DUBAI: TikTok has announced a “refresh” of its community guidelines and introduced new “community principles,” the company said in a statement.
The community principles are aimed at helping users to better understand TikTok’s decisions about safety on the platform.
The principles are based on the platform’s “commitment to uphold human rights and aligned with international legal frameworks” and guide decisions about how the platform moderates content in a way that “strikes a balance between freedom of expression and preventing harm,” TikTok said.
Some of the key changes to the guidelines include enhancing rules for treating “synthetic media,” which TikTok described as content created or modified by artificial intelligence technology, and the addition of the term “tribe” as a protected attribute in its hate speech and hateful behavior policies.
Moving forward, TikTok will provide more detail about its work to protect civic and election integrity, including its approach to government, politician and political party accounts.
TikTok has also added a new section under its misinformation policy to address climate misinformation. While discussion about the topic will be allowed, the platform will prohibit any misinformation that “undermines well-established scientific consensus.”
The company consulted more than 100 organizations around the world, including the International Association for Suicide Prevention, the Safety Advisory Council and SMEX, as well as users, to inform the refreshed guidelines.
The new guidelines will come into effect on April 21 and the platform will provide additional training to its moderators to help enforce the updated rules and standards as they start to roll out.
Based on feedback, TikTok will now host all information about its rules and standards in one place where it will be organized thematically.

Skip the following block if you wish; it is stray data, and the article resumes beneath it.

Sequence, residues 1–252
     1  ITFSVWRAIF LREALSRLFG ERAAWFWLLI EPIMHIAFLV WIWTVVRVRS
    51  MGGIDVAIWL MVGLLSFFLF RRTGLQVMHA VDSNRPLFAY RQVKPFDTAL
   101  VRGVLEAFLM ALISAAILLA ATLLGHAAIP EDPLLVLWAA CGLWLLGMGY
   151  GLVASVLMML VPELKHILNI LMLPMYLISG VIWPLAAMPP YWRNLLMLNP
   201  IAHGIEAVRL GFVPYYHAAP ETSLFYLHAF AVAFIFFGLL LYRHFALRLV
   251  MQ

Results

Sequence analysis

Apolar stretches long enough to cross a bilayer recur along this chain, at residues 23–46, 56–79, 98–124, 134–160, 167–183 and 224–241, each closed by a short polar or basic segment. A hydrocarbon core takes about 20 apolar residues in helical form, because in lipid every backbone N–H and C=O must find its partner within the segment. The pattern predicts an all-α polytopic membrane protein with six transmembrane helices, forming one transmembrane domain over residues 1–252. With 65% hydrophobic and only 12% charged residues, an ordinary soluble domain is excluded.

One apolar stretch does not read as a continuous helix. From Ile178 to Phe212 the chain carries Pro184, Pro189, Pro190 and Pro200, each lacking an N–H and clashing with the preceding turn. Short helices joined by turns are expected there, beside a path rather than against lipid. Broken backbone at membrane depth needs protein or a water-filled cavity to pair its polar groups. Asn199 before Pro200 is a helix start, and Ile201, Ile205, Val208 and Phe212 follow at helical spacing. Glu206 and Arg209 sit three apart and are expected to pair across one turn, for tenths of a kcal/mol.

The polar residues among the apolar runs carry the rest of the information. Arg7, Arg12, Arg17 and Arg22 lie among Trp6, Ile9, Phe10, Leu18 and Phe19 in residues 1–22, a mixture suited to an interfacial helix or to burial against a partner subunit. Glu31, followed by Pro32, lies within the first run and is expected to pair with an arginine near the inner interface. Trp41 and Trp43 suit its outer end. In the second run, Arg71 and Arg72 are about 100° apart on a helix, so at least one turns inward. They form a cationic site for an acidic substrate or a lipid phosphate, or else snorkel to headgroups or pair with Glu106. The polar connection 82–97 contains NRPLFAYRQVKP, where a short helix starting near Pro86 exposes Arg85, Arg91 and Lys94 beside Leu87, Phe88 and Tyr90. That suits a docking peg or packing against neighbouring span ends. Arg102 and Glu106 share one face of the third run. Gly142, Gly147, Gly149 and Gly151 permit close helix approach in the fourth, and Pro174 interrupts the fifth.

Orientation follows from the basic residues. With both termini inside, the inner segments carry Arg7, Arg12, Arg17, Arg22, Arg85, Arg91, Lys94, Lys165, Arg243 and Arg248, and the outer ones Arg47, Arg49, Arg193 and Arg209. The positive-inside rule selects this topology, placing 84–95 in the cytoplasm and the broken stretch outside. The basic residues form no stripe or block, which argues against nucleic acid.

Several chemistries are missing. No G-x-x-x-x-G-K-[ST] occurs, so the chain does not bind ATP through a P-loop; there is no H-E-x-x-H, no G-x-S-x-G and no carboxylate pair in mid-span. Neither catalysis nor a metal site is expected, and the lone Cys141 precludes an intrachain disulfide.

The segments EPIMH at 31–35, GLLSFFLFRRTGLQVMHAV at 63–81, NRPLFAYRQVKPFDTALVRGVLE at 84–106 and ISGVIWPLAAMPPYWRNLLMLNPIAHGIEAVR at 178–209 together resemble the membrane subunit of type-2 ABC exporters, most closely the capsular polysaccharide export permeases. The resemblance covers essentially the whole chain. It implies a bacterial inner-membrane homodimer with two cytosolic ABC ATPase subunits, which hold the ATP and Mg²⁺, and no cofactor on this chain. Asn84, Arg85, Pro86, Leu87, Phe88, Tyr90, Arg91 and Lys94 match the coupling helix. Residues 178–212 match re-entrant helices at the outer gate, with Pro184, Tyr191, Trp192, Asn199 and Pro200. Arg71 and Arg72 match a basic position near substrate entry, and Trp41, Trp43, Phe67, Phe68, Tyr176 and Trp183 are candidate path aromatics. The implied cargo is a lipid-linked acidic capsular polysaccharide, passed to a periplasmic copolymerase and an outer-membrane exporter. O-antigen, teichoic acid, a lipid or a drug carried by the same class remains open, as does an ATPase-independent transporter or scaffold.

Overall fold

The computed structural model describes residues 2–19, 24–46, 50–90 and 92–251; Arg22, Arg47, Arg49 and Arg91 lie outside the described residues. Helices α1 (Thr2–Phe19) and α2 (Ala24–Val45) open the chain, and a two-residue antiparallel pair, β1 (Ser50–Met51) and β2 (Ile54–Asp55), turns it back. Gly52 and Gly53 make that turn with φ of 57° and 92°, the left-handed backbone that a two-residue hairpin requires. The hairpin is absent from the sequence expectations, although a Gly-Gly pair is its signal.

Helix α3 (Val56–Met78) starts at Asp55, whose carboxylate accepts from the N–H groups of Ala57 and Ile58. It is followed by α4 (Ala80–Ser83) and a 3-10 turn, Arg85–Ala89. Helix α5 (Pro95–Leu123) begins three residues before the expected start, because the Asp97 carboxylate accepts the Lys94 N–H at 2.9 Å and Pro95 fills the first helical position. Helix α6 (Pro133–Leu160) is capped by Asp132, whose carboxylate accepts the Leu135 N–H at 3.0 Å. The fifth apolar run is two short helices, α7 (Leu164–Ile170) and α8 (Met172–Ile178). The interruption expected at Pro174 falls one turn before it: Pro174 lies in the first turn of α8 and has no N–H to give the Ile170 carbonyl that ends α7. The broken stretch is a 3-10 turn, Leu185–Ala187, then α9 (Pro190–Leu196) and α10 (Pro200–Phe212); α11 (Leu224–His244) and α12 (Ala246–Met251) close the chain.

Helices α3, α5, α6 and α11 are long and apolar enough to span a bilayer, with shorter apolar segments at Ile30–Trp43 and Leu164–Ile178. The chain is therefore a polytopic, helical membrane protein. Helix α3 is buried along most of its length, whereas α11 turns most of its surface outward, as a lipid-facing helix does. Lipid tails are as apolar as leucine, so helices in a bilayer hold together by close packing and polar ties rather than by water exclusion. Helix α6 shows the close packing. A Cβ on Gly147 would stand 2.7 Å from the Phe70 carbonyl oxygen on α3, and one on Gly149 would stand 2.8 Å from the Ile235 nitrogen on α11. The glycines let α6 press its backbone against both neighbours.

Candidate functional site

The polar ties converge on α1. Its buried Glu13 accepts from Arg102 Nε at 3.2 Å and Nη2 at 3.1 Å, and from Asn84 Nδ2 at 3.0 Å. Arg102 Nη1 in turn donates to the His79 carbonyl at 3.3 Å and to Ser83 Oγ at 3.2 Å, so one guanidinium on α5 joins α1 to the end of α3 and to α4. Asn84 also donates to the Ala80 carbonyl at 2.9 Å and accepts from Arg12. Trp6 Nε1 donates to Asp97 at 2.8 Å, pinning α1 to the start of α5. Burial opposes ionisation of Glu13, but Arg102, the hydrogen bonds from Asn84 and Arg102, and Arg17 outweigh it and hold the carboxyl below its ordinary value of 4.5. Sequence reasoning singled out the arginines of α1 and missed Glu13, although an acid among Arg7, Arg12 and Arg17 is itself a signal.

For each topic, the platform provides a brief explanation of what is not allowed with more information including definitions and the range of actions the platform might take if they are violated.
Additionally, TikTok is expanding its enforcement strategy by sharing more information about the actions that the platform takes against accounts that violate their rules; explaining the considerations for enforcement of rules based on public interest, and the platform’s approach to content that critiques public figures; and including more detail about how TikTok uses informational labels, warnings and opt-in screens.
“The world is changing,” said Julie de Bailliencourt, TikTok’s global head of product policy, during a press briefing. “Our community is changing. We see new trends coming and going, and we think we need to regularly update these guidelines to meet the expectation of people who come on our service.”
The updated community guidelines come amid growing concerns about TikTok with CEO Shou Zi Chew scheduled to appear before the US congress on March 23.
In a TikTok video posted on Tuesday, Chew said that the app now has more than 150 million active monthly US users. “That’s almost half the US coming to TikTok,” Chew said.
“Some politicians have started talking about banning TikTok. Now this could take TikTok away from all 150 million of you,” he said.
A growing number of US lawmakers support a ban on TikTok, and on March 1, the House Foreign Affairs Committee voted along party lines to give US President Joe Biden new powers to ban TikTok.